For my own part, while I wore a three-piece suit and tie at work in the conservative advertising world of the 1960s, on the weekends I wore Indian print flares, Jesus peace sandals and long sideburns. And I wore a T-shirt that read “Jesus is coming, and is he pissed.” But I also wore a silver POW bracelet during those turbulent days as my way of supporting our fighting men overseas, and I wore it for another 20 years after the Vietnam War ended.
My missing G.I. was Lt. William Christianson … and, to the best of my knowledge, he still has never been accounted for. My wife also wore one of the bracelets, and we had the joy of seeing her G.I. step off the plane when the POW’s were finally freed. My oldest son, Michael, still wears his Vietnam POW bracelet to this day.
Guns, Hunters in Crosshairs
Those are just a couple of the events that fueled the anti-gun, anti-establishment crowd in America, including most of the mass media. They were then, and usually still are, anxious to take potshots at honest gun owners whenever they get a chance. There seems to be little fairness among the liberal national media when it comes to hunters and firearms owners in this country, even now, 40 years later!
Add the publicity that the first Earth Day received in the early 1970s and all of the environmental implications that went along with it. In addition, America had turned from an agrarian to an urban society, and people were far from the farm, from nature and the realities of growing things to eat—animals and vegetables.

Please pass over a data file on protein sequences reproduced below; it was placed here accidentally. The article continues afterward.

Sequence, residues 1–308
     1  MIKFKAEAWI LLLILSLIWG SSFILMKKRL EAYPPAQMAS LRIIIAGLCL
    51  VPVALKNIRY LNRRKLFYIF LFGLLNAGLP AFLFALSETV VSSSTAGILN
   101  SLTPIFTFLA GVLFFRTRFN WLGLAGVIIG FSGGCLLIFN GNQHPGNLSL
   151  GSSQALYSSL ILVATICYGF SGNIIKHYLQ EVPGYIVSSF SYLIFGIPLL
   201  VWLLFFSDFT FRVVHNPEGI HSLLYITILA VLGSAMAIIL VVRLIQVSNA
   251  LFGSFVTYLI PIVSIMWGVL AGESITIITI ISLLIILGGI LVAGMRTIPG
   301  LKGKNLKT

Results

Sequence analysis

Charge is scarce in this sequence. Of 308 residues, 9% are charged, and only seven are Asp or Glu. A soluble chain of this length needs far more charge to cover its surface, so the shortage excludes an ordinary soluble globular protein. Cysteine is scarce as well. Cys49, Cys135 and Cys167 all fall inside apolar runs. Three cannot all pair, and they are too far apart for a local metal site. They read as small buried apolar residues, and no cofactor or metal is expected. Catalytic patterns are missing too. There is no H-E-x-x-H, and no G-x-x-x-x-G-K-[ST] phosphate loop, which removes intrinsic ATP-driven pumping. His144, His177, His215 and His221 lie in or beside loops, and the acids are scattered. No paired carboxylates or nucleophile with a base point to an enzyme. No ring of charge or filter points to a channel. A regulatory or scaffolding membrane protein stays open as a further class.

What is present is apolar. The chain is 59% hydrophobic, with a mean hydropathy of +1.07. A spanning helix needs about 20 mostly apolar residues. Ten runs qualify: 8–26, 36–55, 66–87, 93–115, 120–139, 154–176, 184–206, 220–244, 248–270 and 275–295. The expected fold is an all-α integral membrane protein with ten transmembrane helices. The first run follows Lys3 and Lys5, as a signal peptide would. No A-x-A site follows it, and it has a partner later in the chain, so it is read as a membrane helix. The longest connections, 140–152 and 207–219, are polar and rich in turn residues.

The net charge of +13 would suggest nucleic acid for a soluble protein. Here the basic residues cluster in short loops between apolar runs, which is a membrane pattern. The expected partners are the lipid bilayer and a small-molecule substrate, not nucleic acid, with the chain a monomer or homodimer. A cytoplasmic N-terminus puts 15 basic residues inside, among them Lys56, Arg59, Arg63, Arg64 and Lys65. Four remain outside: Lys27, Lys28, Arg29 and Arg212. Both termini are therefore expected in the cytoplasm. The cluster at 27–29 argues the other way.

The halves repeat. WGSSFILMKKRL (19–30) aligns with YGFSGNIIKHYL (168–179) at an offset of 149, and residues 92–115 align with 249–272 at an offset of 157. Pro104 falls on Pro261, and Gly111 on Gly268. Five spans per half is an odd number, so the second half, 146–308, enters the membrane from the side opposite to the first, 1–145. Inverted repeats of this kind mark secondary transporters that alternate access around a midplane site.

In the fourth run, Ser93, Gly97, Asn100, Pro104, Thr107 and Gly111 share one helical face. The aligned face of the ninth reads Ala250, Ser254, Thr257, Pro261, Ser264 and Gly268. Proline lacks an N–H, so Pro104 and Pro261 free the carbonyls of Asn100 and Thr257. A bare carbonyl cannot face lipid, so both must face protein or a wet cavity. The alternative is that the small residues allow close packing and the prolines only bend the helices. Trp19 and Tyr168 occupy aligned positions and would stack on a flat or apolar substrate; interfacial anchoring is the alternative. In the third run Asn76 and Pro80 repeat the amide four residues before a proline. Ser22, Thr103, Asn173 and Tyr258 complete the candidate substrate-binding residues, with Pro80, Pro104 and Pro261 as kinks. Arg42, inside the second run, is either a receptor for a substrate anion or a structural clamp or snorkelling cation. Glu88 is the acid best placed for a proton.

Fred, Kelly and I were all very concerned about this change in the public’s perception, and we devoted the entire issue of “The Big Sky” to it in our Winter, 1974, issue under the banner of “RARE & ENDANGERED SPECIES … IS HUNTING TO BLAME?” We published a piece by Dr. John L. Schmidt, extension wildlife specialist of Colorado State University, Fort Collins, Colorado.
The bottom line of Dr. Schmidt’s article in our publication was that “… legal hunting for sport has not caused a single species to be added to the list of rare and endangered species.” He went on in the conclusion of his article to state, “Let’s not attack the hunter because he harvests 177 million birds and mammals each year. The species he hunts are some of the most common we have, mainly because he has paid for their management, habitat acquisition, research, and for wildlife law enforcement. Let’s get at the real problems: pesticides and other environmental pollutants, drainage of marshes, municipal and industrial developments and all other land use changes that are altering our environment and destroying its ability to produce wildlife.”
Then in our next issue of “The Big Sky” our headline read: “THE HUNTING CONTROVERSY: ATTITUDES AND ARGUMENTS.” This article was a report by Dr. Dale Shaw, also of Colorado State University, containing information from his doctoral dissertation. He personally gave questionnaires to 937 college students at 10 universities.
Three-fourths of those questioned held some degree of anti-hunting or anti-hunter sentiment. Major objections voiced related to trophy hunting, wasting of game meat, endangering of species, hunters killing more than the legal limit, and hunting for sport or pleasure instead of a need for meat.